My story begins about a year ago, the start of my sophomore year of high school. I had recently gotten the first of three Gardasil shots (which I never got the last of, due to getting sick and fear of it being caused from the shot) when I started developing these terrible migraines. My head felt like it was going to explode from the pain and pressure. After multiple trips to the emergency room and an appointment or two with a neurologist, they told me it was just migraines and gave me medication. The medicine I was given, sumatriptan or Imitrex, did nothing, if not making me feel worse. I was then prescribed Treximet, and sadly, I had the same results. Eventually, my neurologist prescribed me Fiorcet, which was what the ER doctor had also given me. My headaches died down immensely, and everything seemed to be be getting better.
Around Halloween, my heart started acting up and would continue to from this time on. I missed the rest of my sophomore year. My blood pressure would be extremely low, yet my pulse would be ridiculously high. This brought a ton of fear to my family and me, due to the fact that my older sister’s heart failed and was only working at 9% when she was 15. Thankfully, she is healthy (mostly) and okay now. After another trip to the emergency room, they told me it was all in my head and that I was in need of psychiatric help. That hurt my feelings more than anything. I felt as if I would never feel better, as it seemed no doctors believed me. They had me spend Thanksgiving wearing a 24-hour heart monitor. Nothing showed. I started to believe maybe it was all in my head somehow. I got very depressed and discouraged.
My mom decided to do some research of her own online. Ankylosing Spondylitis popped right up. My older sister had previously been diagnosed with this as well, but she was not as symptomatic as I am. I went to a rheumatologist, and he tested me for AS through a blood test, an X-Ray, and an MRI. He told me, although my bones were not yet fusing, he truly believed I was positive for AS. Finally, some answers! My mom again did research and found that all of my previous symptoms could, in fact, be AS related.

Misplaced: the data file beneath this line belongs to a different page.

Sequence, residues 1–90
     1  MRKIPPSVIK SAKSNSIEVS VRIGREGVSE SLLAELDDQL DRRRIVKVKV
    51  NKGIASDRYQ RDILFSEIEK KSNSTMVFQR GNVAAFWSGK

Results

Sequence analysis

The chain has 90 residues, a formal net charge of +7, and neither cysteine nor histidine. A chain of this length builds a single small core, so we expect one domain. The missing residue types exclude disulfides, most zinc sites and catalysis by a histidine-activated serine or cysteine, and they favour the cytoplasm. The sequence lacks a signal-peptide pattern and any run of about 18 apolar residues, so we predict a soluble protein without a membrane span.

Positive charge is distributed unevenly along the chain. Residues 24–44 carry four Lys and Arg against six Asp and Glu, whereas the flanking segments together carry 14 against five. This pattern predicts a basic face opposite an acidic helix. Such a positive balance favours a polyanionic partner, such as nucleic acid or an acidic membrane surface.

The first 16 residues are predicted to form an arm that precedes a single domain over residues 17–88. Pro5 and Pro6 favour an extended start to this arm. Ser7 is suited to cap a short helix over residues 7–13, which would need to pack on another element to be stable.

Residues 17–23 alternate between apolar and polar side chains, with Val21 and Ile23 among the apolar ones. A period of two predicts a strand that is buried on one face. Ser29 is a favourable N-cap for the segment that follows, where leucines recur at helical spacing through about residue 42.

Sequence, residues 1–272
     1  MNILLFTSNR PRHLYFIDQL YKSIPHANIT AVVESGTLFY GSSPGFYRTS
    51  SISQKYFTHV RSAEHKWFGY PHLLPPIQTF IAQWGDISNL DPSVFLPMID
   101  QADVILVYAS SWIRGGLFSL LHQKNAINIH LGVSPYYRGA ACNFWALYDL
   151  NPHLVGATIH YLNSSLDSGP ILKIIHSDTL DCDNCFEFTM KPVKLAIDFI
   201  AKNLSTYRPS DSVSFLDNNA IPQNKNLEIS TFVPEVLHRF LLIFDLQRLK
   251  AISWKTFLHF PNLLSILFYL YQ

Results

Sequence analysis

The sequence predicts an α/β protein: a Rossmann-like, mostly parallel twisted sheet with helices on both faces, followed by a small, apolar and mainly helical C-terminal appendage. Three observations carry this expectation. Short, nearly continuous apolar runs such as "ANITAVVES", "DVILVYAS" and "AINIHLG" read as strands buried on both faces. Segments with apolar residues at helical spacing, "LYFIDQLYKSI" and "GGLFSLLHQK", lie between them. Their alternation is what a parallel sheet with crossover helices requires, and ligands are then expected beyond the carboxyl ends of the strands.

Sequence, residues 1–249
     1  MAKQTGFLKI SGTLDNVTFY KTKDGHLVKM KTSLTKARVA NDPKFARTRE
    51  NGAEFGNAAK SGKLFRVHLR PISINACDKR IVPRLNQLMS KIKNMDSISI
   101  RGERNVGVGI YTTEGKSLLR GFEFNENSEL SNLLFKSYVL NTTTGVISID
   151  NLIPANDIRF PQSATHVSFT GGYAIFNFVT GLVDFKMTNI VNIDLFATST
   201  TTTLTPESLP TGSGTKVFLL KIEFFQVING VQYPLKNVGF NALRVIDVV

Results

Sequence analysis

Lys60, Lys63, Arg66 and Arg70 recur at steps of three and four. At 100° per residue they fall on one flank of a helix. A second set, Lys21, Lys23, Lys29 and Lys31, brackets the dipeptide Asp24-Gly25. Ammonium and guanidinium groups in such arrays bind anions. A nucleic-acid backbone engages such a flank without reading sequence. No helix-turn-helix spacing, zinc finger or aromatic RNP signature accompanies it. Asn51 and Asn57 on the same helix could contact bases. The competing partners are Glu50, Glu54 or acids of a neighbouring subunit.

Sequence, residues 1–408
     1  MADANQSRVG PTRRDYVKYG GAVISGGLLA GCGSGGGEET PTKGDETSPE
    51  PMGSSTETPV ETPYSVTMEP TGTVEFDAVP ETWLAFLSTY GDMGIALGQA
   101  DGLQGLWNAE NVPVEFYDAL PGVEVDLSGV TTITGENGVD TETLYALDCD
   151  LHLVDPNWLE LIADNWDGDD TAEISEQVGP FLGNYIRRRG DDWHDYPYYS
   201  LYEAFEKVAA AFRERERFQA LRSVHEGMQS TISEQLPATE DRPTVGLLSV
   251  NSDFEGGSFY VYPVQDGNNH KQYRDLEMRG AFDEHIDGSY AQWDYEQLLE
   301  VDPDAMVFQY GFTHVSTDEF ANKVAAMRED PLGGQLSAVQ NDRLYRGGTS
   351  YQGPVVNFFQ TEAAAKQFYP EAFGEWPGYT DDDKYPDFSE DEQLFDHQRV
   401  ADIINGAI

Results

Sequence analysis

But wait, there was more. In my MRI, they had found that I had a herniated L5-S1, along with signs of degenerative disc disease. Due to that, I had gotten an MRI of my full Lombard spine. My doctor asked when I had fallen off of the roof because my back was so bad. Also, there was severe damage to my left nerve root, which could also explain it all, since the majority of my pain and symptoms were on my left side. Pain medication, Celebrex, Meloxicam, etc. I felt like a human pharmacy. After I didn’t get much better from physical therapy and medication, I got my first cortisone injection in my L5-S1. I felt amazing for a week. After that, the pain slowly returned, and a month later I got my second one. This injection didn’t do anything. My mom decided to make me an appointment with a neurosurgeon at the University of Chicago to see if surgery could help my situation at all. The doctor told me he believed the main source of my problems was Sacroiliac Joint Disfunction, both good and bad news. Good because we may have more answers, bad because we may have another problem. He suggested I get another cortisone injection, but this time in my SI joint. If this didn’t help, I would most likely need surgery to shave the bulging disc. The injection helped a great deal, and my pain has subsided a great deal, but it is still very present. Today, I had an appointment with my rheumatologist, who found an ulcer on my scalp, so now I am being diagnosed with psoriatic arthritis and being prescribed Humira. Being only 16, I know my journey is far from over. I can do nothing but hope for the best and try to remain positive through it all. Wish me luck!
The informational content of this article is intended to convey a personal experience and, because every person’s experience is unique, should not be relied upon as a substitute for professional healthcare advice.
This story is intended to convey a personal experience and, because every person’s experience is unique, should not be relied upon as a substitute for professional healthcare advice.